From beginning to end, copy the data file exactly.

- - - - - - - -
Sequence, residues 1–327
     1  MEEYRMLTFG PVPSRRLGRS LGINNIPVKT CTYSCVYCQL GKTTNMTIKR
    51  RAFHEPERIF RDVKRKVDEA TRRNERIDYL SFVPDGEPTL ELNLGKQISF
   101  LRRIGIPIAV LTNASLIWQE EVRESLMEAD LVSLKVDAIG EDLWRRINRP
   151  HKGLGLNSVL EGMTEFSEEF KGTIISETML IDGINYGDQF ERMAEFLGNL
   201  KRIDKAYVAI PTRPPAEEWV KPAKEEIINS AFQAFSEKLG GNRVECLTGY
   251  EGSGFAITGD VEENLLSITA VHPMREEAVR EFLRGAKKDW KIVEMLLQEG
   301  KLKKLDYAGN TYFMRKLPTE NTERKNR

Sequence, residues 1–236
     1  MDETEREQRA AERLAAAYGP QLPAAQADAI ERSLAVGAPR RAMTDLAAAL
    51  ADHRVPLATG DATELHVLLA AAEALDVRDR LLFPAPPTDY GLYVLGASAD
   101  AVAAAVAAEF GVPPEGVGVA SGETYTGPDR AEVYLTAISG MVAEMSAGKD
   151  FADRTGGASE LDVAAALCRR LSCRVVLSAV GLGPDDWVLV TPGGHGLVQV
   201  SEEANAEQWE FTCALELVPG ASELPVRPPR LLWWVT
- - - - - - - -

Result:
Sequence, residues 1–327
     1  MEEYRMLTFG PVPSRRLGRS LGINNIPVKT CTYSCVYCQL GKTTNMTIKR
    51  RAFHEPERIF RDVKRKVDEA TRRNERIDYL SFVPDGEPTL ELNLGKQISF
   101  LRRIGIPIAV LTNASLIWQE EVRESLMEAD LVSLKVDAIG EDLWRRINRP
   151  HKGLGLNSVL EGMTEFSEEF KGTIISETML IDGINYGDQF ERMAEFLGNL
   201  KRIDKAYVAI PTRPPAEEWV KPAKEEIINS AFQAFSEKLG GNRVECLTGY
   251  EGSGFAITGD VEENLLSITA VHPMREEAVR EFLRGAKKDW KIVEMLLQEG
   301  KLKKLDYAGN TYFMRKLPTE NTERKNR

Sequence, residues 1–236
     1  MDETEREQRA AERLAAAYGP QLPAAQADAI ERSLAVGAPR RAMTDLAAAL
    51  ADHRVPLATG DATELHVLLA AAEALDVRDR LLFPAPPTDY GLYVLGASAD
   101  AVAAAVAAEF GVPPEGVGVA SGETYTGPDR AEVYLTAISG MVAEMSAGKD
   151  FADRTGGASE LDVAAALCRR LSCRVVLSAV GLGPDDWVLV TPGGHGLVQV
   201  SEEANAEQWE FTCALELVPG ASELPVRPPR LLWWVT